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Constitutional FAQ Answer #132

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Q132. "I have a friend who is taking an American Government course presently. The professor told the class this past week that the U.S. Constitution was plagiarized completely. Is there any validity to this charge?"

A. The Constitution was written by some of the same people who wrote some of the constitutions of the various states, and it makes some sense that they would pull pieces of those that were usable. Many of the framers were also members of Congress and had access to many of the documents that Congress produced, allowed them to draw from them as well. Plagiarized is a strong word today, with negative connotations.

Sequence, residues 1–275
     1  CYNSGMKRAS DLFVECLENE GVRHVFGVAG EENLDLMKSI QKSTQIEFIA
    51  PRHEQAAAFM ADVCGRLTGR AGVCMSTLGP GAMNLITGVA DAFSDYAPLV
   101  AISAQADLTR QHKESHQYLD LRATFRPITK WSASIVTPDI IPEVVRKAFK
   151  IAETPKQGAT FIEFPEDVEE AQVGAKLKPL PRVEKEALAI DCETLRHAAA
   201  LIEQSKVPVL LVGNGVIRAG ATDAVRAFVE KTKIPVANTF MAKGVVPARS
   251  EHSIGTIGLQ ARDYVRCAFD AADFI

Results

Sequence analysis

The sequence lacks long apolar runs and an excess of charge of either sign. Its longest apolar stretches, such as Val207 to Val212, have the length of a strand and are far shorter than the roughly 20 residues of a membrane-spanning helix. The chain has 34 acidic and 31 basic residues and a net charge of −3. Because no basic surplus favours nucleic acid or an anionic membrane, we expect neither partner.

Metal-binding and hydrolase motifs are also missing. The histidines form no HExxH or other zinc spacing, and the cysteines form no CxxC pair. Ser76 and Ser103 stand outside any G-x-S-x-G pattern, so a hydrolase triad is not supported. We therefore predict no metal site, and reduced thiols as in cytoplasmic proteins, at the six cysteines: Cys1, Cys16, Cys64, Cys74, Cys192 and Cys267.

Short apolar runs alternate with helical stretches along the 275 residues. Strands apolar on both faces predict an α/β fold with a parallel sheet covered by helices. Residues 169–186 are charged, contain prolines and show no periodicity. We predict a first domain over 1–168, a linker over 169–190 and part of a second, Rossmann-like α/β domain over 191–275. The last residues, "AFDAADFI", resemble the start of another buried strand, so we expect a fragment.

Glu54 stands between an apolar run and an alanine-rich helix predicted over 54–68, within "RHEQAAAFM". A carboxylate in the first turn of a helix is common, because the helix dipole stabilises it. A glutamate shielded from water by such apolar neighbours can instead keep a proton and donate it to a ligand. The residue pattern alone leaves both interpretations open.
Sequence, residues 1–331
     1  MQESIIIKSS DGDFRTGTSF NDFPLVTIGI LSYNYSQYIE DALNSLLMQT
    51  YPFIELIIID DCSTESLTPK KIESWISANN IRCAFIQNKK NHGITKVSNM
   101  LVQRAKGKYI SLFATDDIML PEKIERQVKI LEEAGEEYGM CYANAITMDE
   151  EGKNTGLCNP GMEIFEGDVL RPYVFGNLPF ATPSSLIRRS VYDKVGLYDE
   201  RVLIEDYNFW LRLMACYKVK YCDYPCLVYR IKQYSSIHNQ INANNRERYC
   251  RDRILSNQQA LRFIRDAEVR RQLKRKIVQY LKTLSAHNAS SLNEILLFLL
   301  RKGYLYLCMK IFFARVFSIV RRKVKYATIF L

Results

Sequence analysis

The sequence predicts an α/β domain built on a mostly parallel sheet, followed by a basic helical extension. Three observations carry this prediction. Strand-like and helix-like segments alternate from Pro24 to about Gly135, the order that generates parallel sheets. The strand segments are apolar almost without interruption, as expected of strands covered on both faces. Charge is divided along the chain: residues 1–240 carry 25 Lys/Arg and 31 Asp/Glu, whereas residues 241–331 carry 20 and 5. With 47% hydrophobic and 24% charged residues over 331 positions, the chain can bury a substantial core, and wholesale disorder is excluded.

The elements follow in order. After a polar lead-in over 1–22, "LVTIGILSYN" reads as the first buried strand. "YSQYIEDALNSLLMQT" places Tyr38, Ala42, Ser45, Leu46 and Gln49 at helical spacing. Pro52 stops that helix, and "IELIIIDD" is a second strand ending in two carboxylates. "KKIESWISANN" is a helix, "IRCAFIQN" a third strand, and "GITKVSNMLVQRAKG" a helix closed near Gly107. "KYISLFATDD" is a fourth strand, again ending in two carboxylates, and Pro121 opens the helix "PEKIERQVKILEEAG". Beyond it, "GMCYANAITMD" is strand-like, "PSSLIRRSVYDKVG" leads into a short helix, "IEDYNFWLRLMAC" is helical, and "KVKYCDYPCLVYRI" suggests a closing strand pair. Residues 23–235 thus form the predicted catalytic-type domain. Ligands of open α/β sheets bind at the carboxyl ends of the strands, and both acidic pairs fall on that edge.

According to The Declaration of Independence and The Constitution of the United States by Pauline Maier, Jefferson's Declaration of Independence was largely based on prior works, specifically Virginia's revolutionary constitution and the Virginia Virginia Declaration of Rights. Jefferson has worked on the former and George Mason on the latter. According to Maier, this use of existing material was entirely within the ethical standards of the day, and, in fact, encouraged. It is little wonder that parts of the new Constitution would similarly be based on prior work.

I think the simpler, and closer to the truth, thing to say is that parts of the Constitution were based on other governmental documents familiar to the framers.

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